Happy Cinco de Mayo, or World Naked Gardening Day. Yup, they both are being celebrated this weekend around the world. Which would you like to choose to celebrate? We are choosing to celebrate spring by getting out into the garden and getting our hands dirty! It is finally spring and the plants are responding. Every trip to the garden is a joy. We are watching the last days of the daffodils, enjoying the incredible fragrance of the lilacs, while welcoming the peonies, irises and early roses. Yup, it is a great time to be in the garden.
It is also a time to start thinking about Mother’s Day, hanging baskets, vegetables and getting those annuals in the ground. If you are planting anything tender we recommend that you still keep an eye on the weather forecast for any extreme weather that may sneak up on us. Though we should be fine, some of our local gardeners (especially if you are at elevation) still need to be cautious.
This week we featured...
Margie’s Spring Color Annuals
There is nothing more vibrant than the colors of spring. It might be that we are tired of the dull browns of winter, but it just seems like the flowers shine this time of year, and some of the best colors we found are at Margie’s Farm and Garden. Margie met with Judy to show off some of her favorites in the garden center. The first plant she showcased was the ‘Be Alive’ biddens. This is a upright plant in the garden that likes full sun, and with that sun you will be rewarded with tons of great color all summer long. This led us into the sun impatiens. Unlike their shade loving cousins, these big leafed plants will make a great display in the garden and love the sun. Margie’s has 10 different colors and that means you can find one for any part of your garden. Next was vermillionaire, or firecracker plant. This one is a cuphia hybrid and the hummingbirds love it! The long tubular flowers are like a trumpet call for the hummers, and it blooms all summer long. We had one in the garden and, even though it is only an annual, we’ll be buying another one this season! We then looked at some shade plants like the browallia plant. Even though these like the part shade, they love the heat. They will thrive even if you don’t hit them with fertilizer during the summer. It is great in baskets or containers. Another great plant for baskets is the Fiber Optic plant. Even though it has a more ‘proper’ latin name, this is the best way to remember it. It has the long green stems with little white buttons at the end, similar to a fiber optic cable. This plant is great for a texture difference in your plantings.
We were nearing the end of her plants when she showed us the sanvitalia, or creeping zinnia. This is another semi-trailing, full sun plant with bright yellow flowers. She also had another great foliage plant with a climbing sweet potato vine, called Solar Tower Black, that added a height advantage to the garden. That was right next to the dahlias that they had for sale. These are a shorter variety of dahlia and a relative to the late summer dahlia that you have in your garden. This led us to containers. Margie and her crew put together some great containers. You should really check out some of their designs! It is time to plant and when you are out shopping, don’t forget those colorful summer annuals!
Plant your strawberries now for a bountiful harvest this coming summer. Sara from Portland Nursery on Stark (503-231- 5050) was up to her ears in strawberries and she had a lot of information to share about them. She explained the different varieties to Judy. There are 2 main types of berries you can plant. ‘June-bearing’ gives you one big crop and ‘Ever-bearing’ (also called Day Neutral), which gives you berries through-out the summer. The June bearing types will give you one big harvest in the spring, around June. That means you’ll get a lot. Great for canning and jams. The Ever-bearing will give you fruit throughout the season. So you can get flavorful berries, but just not the size or quantity that you find in the June bearing types. Sara pulled a couple of each variety to share. For the June bearing she showed us the Hood and the Rainier, both are very popular and local favorites. For the Ever-bearing she had Tristar and Seascape.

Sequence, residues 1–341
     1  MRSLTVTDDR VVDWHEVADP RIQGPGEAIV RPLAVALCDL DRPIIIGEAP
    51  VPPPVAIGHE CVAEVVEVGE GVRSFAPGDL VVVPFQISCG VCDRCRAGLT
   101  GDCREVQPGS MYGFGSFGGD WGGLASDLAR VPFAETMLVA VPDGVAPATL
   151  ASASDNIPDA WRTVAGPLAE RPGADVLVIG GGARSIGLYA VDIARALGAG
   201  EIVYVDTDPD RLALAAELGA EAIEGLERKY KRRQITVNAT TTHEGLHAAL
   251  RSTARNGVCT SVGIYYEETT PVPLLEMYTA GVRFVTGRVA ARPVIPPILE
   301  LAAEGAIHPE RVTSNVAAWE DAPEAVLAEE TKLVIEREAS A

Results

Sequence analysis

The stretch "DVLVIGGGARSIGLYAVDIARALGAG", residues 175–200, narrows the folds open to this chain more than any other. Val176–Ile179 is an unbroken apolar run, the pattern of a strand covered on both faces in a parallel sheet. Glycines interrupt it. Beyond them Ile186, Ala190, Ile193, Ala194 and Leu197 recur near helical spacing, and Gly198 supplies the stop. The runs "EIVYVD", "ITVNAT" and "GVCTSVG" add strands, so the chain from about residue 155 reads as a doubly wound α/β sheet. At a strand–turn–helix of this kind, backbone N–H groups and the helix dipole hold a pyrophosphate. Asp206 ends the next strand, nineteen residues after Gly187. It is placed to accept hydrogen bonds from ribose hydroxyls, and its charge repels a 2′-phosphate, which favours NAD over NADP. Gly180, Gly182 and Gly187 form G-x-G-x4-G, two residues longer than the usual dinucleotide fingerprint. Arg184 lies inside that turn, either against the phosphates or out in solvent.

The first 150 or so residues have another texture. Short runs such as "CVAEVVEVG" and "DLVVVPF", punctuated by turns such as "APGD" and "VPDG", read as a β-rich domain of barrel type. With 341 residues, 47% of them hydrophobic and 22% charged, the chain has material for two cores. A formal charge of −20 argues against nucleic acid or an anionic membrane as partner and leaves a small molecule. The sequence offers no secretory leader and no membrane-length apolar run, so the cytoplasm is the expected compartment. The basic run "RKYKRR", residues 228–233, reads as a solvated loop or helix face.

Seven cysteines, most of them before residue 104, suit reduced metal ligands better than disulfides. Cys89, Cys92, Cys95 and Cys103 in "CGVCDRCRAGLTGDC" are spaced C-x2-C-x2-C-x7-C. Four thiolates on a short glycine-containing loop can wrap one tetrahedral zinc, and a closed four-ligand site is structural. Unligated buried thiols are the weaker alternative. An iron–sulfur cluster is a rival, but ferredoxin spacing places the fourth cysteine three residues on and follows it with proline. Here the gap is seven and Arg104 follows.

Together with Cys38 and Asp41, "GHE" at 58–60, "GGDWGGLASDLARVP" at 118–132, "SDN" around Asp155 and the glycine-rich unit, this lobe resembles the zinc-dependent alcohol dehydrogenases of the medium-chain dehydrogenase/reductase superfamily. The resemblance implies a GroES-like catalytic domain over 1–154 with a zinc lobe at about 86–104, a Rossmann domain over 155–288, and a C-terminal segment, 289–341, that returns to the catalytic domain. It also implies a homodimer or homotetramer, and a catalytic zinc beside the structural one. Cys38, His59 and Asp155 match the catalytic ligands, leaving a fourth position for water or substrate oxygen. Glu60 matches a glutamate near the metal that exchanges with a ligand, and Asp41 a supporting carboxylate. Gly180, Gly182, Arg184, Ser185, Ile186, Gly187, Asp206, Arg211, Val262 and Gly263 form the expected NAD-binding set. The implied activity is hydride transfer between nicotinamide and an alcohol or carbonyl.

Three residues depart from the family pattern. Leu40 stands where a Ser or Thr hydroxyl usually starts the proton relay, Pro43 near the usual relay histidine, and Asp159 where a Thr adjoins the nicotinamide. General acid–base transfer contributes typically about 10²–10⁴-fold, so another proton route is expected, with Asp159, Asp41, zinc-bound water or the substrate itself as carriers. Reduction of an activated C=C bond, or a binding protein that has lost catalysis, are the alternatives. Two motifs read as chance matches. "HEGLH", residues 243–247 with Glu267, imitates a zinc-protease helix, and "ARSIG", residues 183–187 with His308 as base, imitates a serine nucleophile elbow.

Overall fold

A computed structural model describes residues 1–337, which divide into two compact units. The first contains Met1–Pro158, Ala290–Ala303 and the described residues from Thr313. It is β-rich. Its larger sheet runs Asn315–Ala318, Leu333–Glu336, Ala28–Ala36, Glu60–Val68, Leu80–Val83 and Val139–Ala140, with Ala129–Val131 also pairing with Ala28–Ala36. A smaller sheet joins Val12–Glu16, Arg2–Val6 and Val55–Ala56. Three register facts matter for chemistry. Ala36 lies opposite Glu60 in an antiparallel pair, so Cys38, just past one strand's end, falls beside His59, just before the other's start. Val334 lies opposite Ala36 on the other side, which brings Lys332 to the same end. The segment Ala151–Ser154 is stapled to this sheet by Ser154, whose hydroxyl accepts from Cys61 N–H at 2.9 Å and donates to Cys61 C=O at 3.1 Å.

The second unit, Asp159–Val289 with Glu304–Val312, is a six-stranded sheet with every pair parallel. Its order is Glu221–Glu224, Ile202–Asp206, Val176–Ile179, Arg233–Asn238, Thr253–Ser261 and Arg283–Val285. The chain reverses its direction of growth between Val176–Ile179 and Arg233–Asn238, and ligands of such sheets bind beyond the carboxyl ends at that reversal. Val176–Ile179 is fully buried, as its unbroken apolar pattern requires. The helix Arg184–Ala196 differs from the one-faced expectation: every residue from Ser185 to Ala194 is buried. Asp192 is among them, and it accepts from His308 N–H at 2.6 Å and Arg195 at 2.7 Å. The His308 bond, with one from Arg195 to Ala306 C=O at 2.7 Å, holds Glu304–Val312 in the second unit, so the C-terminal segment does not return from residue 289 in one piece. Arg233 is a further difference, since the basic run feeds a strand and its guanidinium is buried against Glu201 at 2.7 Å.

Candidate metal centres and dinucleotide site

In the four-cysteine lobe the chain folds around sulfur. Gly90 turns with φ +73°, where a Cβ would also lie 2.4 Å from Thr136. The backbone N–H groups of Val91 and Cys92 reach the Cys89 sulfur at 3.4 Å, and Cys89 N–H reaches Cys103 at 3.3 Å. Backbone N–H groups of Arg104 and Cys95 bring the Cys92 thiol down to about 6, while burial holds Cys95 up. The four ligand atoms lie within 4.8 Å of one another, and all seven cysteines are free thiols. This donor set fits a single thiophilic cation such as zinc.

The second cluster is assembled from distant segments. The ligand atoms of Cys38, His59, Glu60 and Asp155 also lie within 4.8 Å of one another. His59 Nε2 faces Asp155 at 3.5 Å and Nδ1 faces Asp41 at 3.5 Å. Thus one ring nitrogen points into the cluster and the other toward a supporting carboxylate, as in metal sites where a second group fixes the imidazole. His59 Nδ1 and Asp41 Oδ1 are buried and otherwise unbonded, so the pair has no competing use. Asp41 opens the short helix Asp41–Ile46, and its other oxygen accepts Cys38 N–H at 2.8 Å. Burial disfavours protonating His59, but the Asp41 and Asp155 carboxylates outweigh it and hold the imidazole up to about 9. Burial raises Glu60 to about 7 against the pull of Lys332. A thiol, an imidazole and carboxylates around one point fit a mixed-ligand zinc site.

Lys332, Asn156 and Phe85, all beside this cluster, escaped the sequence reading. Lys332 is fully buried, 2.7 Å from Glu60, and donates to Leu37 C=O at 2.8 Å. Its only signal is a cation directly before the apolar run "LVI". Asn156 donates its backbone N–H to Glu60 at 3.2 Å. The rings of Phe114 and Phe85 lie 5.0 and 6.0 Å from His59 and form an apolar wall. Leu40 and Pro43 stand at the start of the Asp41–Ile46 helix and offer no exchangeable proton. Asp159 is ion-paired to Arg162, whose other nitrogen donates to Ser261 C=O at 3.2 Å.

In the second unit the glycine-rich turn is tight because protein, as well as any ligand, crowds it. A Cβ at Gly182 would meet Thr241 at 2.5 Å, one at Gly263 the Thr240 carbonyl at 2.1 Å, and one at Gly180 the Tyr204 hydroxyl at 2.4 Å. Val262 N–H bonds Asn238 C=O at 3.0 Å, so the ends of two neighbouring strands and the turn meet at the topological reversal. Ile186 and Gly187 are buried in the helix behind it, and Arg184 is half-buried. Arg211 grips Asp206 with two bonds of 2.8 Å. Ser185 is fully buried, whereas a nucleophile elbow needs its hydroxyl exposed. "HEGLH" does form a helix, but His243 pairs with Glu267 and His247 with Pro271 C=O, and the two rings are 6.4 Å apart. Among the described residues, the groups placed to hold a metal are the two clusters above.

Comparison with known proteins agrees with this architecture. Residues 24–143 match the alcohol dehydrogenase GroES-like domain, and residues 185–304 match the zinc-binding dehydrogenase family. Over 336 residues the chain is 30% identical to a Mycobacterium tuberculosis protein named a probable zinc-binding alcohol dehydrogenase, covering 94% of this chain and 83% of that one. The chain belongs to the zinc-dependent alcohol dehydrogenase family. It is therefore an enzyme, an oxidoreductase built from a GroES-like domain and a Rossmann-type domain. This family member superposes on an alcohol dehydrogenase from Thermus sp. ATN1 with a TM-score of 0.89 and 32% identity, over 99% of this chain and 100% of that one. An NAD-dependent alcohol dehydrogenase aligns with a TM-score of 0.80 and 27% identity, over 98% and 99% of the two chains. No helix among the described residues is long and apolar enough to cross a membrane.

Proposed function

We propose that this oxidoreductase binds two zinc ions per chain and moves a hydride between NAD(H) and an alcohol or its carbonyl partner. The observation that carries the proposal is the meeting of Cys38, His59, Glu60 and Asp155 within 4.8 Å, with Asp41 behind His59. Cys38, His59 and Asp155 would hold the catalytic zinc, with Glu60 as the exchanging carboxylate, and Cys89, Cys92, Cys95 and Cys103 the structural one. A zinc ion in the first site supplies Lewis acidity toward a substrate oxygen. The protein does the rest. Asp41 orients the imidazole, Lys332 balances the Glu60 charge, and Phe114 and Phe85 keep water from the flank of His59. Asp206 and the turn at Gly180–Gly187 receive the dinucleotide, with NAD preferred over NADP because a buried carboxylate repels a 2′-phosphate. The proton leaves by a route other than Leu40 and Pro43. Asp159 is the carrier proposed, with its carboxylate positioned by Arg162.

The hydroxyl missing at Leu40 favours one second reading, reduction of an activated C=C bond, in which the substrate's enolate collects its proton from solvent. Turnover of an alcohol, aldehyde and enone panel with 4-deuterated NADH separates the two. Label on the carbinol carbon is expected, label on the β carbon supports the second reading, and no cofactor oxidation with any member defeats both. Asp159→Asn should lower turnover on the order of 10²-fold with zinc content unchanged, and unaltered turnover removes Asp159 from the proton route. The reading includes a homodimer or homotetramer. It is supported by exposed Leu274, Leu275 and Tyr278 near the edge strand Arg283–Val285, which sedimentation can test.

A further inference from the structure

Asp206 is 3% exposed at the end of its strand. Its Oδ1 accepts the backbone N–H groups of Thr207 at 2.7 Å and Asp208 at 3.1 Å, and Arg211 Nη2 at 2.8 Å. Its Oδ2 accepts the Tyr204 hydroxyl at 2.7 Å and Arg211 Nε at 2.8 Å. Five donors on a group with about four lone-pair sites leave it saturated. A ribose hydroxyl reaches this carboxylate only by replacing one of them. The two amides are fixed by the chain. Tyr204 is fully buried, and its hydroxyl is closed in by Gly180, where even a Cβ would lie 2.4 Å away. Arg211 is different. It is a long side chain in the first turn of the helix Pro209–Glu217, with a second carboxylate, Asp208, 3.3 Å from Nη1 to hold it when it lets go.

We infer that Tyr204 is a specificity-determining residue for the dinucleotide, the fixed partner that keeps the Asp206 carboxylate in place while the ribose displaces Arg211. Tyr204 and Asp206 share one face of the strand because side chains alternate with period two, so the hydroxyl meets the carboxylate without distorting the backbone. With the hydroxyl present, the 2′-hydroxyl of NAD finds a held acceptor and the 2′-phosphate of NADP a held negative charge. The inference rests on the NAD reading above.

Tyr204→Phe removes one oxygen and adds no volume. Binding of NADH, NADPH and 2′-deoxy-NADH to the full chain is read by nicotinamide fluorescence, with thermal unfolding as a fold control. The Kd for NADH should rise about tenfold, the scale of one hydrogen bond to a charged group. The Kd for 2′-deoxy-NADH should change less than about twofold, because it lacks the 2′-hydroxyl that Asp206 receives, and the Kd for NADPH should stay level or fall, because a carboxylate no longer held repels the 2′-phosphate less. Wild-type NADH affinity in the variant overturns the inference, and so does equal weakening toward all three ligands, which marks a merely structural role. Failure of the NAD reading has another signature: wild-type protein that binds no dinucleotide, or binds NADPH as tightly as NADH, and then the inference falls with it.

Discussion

Put them in full sun with good airflow and give them good water during the season. There are a couple of other things that growers do to get a good crop… plant new berries every 3-4 years, and about 12 inches apart. Tip back the plant, which means you should cut off the runners (you can replant these to fill in bare spots in your strawberry patch), this makes the plant put its energy into the fruit. One of the hardest things to do… remove the blooms from your first year plants… we think that may be going too far! Check out the handy page on their website for more varieties and tips for great fruit growing.
Happy Valley Visualscape
We have often featured Rick Naylor and talked to him about cool and unusual conifers and perennial plants. We have also visited his Visualscape projects where he combines great plants into great landscapes that he designs. We had the chance to see both in action again with a visit to Happy Valley.
Visualscaping is the process of spending the money on plants instead of expensive designs. Rick saves money of un-necessary plans and uses it on installing great plants! This landscape was a perfect one for Visualscaping! This project was a replacement of a small, uncovered, 10x10 concrete patio. We’ve all seen them a hundred times. Rick designed a covered patio with Northwest accents, unique plants (even fragrant ones) into a grand outdoor entertainment area. This area included a grilling station, a fire pit, a fragrant garden and an inviting seating area into one design. Plus it solved a drainage issue from a previous landscaper!